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THE MOTHER AND THE LAW was a re-released version of the modern arc from
Griffith's 1916 INTOLERANCE.
The film does very well as a standalone film with only a few glitches where something seems left out (odd references to things we have not seen) or where blanks were left in as the episodes were stitched together from the original film.
In any case the performances remain quite strong with Mae Marsh scoring well as "the Dear One." Even the staccato ending from the original still works as one consecutive piece with Robert Harron going to the gallows. Miriam Cooper, as "the Friendless One" has a much bigger role than I remembered and was quite beautiful. I also had forgotten the incredible closeups Griffith gives the three stars.
Oddly, one "flashback" scene remains from INTOLERANCE. In the middle of the story we get a short scene from the Nazarene arc with the adulterous woman about to be stoned (shades of Iran!).
Strong story and very well done. Quite an indictment of "uplifting" societies as well as the sociology of slums.
Co-stars include Vera Lewis, Ralph Lewis, Sam DeGrasse, Walter Long, Mary Aldon, Marguerite Marsh, Max Davidson, and Kate Bruce.
When his "Intolerance" (1916) failed to match the long-term box office
returns of its predecessor, director D.W. Griffith extended the film's
initial success by releasing two of his epic's four stories as separate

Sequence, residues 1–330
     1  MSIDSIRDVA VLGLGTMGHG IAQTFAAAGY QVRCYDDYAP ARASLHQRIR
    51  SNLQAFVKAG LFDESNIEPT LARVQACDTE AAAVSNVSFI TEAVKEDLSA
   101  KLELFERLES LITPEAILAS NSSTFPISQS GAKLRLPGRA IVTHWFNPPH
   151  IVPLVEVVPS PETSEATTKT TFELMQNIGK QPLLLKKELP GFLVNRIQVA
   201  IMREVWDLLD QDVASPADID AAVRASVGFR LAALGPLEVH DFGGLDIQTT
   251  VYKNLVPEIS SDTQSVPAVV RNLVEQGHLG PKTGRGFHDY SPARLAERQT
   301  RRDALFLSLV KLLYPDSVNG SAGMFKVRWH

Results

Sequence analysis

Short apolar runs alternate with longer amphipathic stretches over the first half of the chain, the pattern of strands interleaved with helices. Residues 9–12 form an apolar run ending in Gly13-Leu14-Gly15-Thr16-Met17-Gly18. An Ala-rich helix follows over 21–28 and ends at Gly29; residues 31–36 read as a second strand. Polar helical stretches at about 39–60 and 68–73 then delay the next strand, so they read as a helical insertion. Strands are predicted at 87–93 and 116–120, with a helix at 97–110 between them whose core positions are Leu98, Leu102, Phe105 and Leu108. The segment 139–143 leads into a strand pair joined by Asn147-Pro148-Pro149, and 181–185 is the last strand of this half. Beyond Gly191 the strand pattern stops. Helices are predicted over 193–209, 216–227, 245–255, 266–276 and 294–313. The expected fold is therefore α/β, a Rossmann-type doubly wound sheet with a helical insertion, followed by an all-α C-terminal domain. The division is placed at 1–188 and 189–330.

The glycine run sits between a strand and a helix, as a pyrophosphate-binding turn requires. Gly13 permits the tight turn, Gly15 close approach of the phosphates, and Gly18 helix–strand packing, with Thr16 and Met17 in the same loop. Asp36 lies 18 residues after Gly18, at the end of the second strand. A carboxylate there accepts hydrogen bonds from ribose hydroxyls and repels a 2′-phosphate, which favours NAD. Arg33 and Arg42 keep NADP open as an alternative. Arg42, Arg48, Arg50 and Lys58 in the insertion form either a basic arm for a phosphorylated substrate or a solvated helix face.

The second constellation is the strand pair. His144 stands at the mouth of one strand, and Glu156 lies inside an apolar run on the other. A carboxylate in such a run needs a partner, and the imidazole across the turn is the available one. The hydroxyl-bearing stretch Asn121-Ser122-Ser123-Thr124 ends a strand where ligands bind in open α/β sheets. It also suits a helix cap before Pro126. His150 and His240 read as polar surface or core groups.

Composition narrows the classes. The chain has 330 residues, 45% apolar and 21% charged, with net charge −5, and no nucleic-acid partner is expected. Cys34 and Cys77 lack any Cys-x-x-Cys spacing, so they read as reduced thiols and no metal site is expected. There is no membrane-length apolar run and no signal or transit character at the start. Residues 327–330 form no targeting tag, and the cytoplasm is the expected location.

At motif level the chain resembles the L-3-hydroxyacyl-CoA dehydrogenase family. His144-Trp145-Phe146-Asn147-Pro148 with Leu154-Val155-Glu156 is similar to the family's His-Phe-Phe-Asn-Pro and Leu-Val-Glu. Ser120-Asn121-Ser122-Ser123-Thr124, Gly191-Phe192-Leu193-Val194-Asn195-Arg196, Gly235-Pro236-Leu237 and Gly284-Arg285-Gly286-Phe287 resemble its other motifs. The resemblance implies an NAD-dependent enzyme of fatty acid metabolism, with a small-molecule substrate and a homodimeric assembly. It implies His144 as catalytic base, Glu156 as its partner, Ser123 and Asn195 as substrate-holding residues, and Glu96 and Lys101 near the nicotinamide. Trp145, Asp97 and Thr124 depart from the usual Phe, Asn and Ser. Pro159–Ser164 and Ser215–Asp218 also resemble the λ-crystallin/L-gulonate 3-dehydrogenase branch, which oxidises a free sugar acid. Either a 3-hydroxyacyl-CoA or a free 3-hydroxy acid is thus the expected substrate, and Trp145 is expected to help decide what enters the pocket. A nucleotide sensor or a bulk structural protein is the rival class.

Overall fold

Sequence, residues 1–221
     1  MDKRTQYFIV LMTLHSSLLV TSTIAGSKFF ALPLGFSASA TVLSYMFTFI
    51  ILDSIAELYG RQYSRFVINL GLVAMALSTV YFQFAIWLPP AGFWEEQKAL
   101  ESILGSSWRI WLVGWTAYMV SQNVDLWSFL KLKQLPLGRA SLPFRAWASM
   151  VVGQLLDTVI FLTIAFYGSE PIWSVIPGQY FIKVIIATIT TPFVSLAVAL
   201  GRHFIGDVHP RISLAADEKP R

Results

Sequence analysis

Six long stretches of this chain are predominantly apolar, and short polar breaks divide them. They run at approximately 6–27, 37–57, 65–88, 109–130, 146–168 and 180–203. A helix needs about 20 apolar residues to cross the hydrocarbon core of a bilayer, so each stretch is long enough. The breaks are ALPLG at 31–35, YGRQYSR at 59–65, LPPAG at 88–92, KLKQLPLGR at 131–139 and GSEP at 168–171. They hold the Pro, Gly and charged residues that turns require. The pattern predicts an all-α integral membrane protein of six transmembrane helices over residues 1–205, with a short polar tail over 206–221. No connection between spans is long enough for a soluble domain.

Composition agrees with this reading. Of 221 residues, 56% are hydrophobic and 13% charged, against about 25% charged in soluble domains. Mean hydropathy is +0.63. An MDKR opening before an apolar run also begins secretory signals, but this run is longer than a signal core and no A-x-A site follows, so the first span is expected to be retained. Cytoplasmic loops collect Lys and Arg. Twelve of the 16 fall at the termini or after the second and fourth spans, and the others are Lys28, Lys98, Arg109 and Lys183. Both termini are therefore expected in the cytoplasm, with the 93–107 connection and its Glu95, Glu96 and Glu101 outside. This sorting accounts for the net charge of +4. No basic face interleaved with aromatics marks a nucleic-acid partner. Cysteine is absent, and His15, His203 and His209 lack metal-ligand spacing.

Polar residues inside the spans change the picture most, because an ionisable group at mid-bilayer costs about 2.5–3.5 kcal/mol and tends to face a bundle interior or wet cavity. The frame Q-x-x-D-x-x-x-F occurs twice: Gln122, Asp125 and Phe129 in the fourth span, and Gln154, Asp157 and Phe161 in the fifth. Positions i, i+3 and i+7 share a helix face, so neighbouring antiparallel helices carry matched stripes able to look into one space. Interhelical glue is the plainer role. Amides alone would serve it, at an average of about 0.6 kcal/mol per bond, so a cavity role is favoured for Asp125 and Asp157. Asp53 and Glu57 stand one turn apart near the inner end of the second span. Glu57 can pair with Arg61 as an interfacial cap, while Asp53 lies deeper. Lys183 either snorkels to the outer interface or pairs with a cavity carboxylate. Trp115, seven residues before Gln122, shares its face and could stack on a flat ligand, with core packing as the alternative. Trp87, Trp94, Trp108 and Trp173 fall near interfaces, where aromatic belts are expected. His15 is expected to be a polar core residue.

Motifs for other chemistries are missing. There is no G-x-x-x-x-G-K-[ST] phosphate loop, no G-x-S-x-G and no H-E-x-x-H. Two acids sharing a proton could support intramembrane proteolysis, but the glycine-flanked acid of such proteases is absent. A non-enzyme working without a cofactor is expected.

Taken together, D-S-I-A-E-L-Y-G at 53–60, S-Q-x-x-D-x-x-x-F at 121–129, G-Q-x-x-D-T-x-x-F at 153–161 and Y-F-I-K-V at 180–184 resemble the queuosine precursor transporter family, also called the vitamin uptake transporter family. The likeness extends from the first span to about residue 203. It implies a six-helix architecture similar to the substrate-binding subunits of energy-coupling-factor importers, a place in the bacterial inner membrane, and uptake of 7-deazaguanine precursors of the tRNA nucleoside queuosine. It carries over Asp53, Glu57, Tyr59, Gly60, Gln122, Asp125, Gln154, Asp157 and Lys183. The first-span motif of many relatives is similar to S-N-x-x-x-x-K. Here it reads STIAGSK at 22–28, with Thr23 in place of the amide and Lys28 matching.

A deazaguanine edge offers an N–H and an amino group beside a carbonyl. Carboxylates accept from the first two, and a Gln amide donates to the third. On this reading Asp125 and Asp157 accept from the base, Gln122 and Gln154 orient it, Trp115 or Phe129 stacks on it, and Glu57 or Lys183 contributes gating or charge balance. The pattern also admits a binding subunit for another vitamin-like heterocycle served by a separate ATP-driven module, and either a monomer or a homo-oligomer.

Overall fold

features. These were "The Fall of Babylon" (comprising the film's
opulent "Babylonian Story") and "The Mother and the Law" (comprising
the film's outstanding "Modern Story" segments). These were released at
a time when Griffith films continued to be in great demand.
Mixing old, cut, and brand new footage, "The Mother and the Law" is, on its own, an excellent film. The story was unreleased in 1914, then revised to follow-up the release of "The Birth of a Nation" (1915). Instead, it formed the basis for the anchor story of "Intolerance", which was at least partially influenced by the criticism of Griffith as a racist - which was not a accusation leveled in hindsight; it was immediate, and was a profound (and positive) influence on the rest of Griffith's career.
"Intolerance" was also criticized - this time, for Griffith's stinging attack on the Moralists (or Reformers) of society. In the film, they are the "Uplifters" group of women who proclaim, "We must have laws to make people good." These legislators of morality are still around, along with many of the themes Griffith covers in "The Mother and the Law". But, the director did not consider groups like "The Salvation Army" to be Uplifters - so, in new footage, they are seen doing positive work.
The most important change, or addition, to the story involves a scene which accompanies the devastating words, "Owing to your lack of care of the baby before we took it, it has died." Those familiar with "Intolerance" should be able to figure out how this line fits in; and, it accompanies an outstanding scene featuring Mae Marsh ("The Dear One"). We also learn that Robert Harron ("The Boy") had Miriam Cooper ("The Friendly One") as his "first sweetheart," which helps explain her motivation.
There are additional subtle, and some starkly different moments. Mr. Harron's passing of an open grave serves to put his own fate back in play. The additional footage of Harron and Ms. Marsh at a lumberyard is simplicity in complex. And, the striking original images remain - even the tortured spinster Vera Lewis (as Mary Jenkins) acting the line, "Seeing youth drawn to youth, Miss Jenkins realizes the bitter fact that she is no longer a part of the younger world," deserved singular praise, somewhere.
********* The Mother and the Law (8/18/19) D.W Griffith ~ Mae Marsh, Robert Harron, Miriam Cooper, Walter Long
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